Similar to the Olympics, the Southeast Asian Games celebrate the athletes with a grand opening ceremony and a tremendous parade that welcomes the participants in front of the spectators. That experience cemented what Suon says is the most memorable part of her Games experience.
“It’s just unreal,” she said. “You see it when you watch the Olympics, but being there and absorbing all that energy is hard to explain. Each team only had 30 delegate seats for the athletes taking part in the ceremony. You’re sitting in a sort of bullpen , waiting to hang out with the other athletes and one of them might become a gold medalist Cambodia women’s soccer team hadn’t played since 1974 either, so being in the same company as them is really inexplicable. You are in absolute shock.
Three-on-three basketball is a new addition to the Games, debuting in 2019. Due to fewer players on the court, the space opens up and the game becomes much faster. The games consist of non-stop action for a 10-minute period with the teams racing to reach the 21 points needed for victory. Although the strategy is quite different from that of traditional basketball with five players on the side, both teams have only one goal in mind: to win. That said, Suon notes the importance of having fun while she was competing.
“I was thrilled that Vietnam was the host country because they were able to have a lot of success,” she said. “Their men’s and women’s teams won medals. Also, seeing people come out and support, fill the basketball stadium and flood the streets outside with excitement to see their teams play was so cool. The games are organized by the Cambodia in 2023, so he was like a forecast of what we can expect for us and our team next year.”
After competing at the Games, Suon now looks to the next steps needed to move the team in the right direction for the future. She now believes the team’s involvement in the Games will spur Cambodia to hire a full-time coach to prepare players for competition. The hope is that the nation and its athletic representatives will generate more interest in women’s basketball to enhance team development. For UCBA, they will maintain their recruiting efforts, sparing no effort in finding Cambodian Americans with the skills to compete for a national team.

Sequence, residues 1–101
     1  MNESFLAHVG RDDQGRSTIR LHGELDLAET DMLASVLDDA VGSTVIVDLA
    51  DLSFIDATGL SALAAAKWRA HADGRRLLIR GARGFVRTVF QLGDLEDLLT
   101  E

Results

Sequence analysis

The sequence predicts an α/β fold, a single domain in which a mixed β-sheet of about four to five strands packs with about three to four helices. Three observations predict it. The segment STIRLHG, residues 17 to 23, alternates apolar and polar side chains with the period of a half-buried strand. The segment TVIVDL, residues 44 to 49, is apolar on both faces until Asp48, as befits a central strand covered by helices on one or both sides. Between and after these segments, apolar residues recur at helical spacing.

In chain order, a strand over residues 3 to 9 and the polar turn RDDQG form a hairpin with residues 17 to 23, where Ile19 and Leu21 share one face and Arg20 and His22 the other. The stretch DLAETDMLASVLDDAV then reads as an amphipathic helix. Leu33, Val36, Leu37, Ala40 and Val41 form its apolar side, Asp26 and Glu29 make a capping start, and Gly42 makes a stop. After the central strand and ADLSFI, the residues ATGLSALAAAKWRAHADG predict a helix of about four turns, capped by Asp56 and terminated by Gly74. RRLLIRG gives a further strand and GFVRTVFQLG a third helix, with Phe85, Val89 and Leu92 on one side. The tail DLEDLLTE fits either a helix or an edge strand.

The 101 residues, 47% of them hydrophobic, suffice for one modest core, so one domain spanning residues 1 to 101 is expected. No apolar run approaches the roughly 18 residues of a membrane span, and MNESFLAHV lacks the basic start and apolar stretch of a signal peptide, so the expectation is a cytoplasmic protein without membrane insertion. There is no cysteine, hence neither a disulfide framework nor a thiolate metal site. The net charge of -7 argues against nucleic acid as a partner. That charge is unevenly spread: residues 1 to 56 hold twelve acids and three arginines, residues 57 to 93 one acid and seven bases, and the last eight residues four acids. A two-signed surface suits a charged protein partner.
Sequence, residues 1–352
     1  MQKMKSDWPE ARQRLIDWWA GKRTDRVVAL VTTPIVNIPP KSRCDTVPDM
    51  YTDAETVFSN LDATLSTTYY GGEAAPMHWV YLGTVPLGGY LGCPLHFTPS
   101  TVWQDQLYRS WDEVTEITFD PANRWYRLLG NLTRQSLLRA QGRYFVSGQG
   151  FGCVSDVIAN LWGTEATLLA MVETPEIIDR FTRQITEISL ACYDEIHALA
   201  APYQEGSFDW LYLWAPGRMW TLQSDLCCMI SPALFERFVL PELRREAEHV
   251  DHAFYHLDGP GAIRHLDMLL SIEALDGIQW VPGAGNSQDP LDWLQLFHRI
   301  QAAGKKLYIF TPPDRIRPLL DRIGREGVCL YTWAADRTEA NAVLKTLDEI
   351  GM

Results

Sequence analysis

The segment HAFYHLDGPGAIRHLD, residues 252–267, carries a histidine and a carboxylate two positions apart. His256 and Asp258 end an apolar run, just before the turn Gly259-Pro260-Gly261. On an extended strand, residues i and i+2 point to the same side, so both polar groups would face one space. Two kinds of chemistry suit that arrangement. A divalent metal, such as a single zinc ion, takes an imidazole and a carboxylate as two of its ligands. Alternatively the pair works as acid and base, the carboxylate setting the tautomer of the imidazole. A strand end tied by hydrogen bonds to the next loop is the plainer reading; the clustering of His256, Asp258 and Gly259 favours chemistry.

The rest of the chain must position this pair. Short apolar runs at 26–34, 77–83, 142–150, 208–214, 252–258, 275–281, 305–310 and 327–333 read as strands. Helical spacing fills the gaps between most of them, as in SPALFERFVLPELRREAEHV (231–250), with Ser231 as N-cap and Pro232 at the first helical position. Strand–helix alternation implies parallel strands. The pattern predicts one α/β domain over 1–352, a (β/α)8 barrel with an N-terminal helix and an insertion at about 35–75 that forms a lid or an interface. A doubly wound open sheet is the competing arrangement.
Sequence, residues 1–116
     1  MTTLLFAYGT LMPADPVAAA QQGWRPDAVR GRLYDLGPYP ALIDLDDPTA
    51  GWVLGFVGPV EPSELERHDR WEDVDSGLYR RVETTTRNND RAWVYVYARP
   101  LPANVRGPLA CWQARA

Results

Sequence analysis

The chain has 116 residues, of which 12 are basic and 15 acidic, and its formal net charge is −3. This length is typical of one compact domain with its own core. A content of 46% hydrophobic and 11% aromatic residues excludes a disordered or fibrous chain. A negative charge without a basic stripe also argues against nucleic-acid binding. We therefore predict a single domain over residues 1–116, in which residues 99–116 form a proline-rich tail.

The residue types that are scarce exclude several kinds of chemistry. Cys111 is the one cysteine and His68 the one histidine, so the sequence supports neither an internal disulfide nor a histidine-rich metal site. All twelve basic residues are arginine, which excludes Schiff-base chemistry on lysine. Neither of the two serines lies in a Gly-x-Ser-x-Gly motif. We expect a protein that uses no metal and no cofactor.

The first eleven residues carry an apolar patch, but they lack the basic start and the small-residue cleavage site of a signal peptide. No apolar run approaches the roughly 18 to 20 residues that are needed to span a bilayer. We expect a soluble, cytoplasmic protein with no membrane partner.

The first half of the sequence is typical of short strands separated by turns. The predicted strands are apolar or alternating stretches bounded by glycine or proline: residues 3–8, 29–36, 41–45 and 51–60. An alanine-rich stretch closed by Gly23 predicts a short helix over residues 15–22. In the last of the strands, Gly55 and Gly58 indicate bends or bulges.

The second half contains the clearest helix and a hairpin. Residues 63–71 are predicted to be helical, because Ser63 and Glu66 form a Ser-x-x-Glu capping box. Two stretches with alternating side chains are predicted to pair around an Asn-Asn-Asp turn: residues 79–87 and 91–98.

Suon says she is incredibly grateful for the opportunity and has learned a lot from the experience that she intends to apply to her work at UMass Lowell and beyond.
“This experience has ignited a new fire in me to find ways to make an impact both here at Lowell and beyond. Stepping up to my role and gaining the trust of people older and younger than me has also helped to hone my leadership skills. I am able to develop something from nothing and hope to see that progress skyrocket in the future.”
River Hawks are determined individuals who strive for greatness in all aspects of life. For Suon, her roots are both at home in Lowell, but also halfway around the world in Cambodia.
Athletics became part of his identity, which merged with his culture to introduce him to the incredible experience of the Southeast Asian Games and UCBA.
“It means a lot to me to be a face for other Cambodian female athletes,” she said. “I hope this team has encouraged all reluctant athletes to participate and get them excited about any sport. Now they could have the opportunity to represent their country, culture and homeland in an event and not get feel like the only person in their respective fields.”